San Carlos voters will hit the polls on Nov. 7 for a school board election in the San Carlos School District.
As the voting date nears, sample ballots have been sent out to registered voters. Sample ballots can assist voters in the voting process once they reach the polls and assure that they select the right choices.
“I encourage voters to review the material carefully and to mark their choices on their sample ballot. If they are voting at the polls on Election Day, it is helpful to bring the pre-marked sample ballot with them,” said Mark Church, who is the San Mateo County Chief Elections Officer and Assessor-County Clerk-Recorder, on a notice posted on the San Carlos Patch.
The current board is made up of Nicole Bergeron, Eirene Chen, Michelle Nayfack, Carol Elliott, and Kathleen Farley. As the current president, Bergeron will not be running for another term, which leaves three of the board’s five seats are open. Current trustees Elliott and Farley are running for re-election against newcomers Neil Layton and Thomas Vigdal, according to the San Mateo Daily Journal.
“As a voter, I look for those who have experience with teaching. This is about as small as an election as it gets, but it’s very impactful because it has one of the most direct impacts on people,” said David Gomez, who teaches U.S. History and is a San Carlos resident.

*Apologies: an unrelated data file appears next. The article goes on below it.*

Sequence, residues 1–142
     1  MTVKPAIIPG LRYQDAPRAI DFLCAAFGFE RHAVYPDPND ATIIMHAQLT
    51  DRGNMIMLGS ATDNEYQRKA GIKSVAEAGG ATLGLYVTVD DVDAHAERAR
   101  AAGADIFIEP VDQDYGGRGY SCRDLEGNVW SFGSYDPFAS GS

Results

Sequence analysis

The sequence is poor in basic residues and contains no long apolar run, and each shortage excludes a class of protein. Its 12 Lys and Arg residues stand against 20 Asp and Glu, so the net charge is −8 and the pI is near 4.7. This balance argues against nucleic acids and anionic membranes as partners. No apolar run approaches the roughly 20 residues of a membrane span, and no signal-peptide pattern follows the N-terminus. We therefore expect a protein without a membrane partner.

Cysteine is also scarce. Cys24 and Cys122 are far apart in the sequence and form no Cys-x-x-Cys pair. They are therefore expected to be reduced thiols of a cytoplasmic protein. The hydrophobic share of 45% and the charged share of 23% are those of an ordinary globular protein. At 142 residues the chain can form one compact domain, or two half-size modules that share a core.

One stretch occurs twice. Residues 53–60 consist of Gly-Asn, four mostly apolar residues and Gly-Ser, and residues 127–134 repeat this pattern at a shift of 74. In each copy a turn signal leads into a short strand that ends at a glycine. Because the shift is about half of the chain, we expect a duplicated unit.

Voters can vote by mail, in person at early voting stations, or at the polls on election day. The sample ballots have candidate information, as well as other voting process information.
“It’s important for people to get involved and know what’s going on in their communities, and it’s especially important that people get involved,” said Aimee Kanadjian, a junior.
The responsibilities of a school board member include setting direction and priorities for the school district, establishing an effective and efficient district structure (including the hiring and evaluation of the superintendent), overseeing the development and adoption of district policies, providing fiscal oversight and ensuring fiscal and academic accountability, and providing community leadership as advocates for children and the school district, as outlined by the district.
“School board, from my experience as a teacher, makes all key decisions for schools governing body, and all issues that need to be addressed go through the board. I’ve had things approved by them, such as mock trial field trips. They make the key decisions and then the superintendent enforces them, they’re like the Congress of the school district,” said Gomez.
Voters are encouraged to look at their sample ballots before election day arrives to make sure they are informed about what is happening in the community. Elections will be taking place throughout the county for different municipal positions.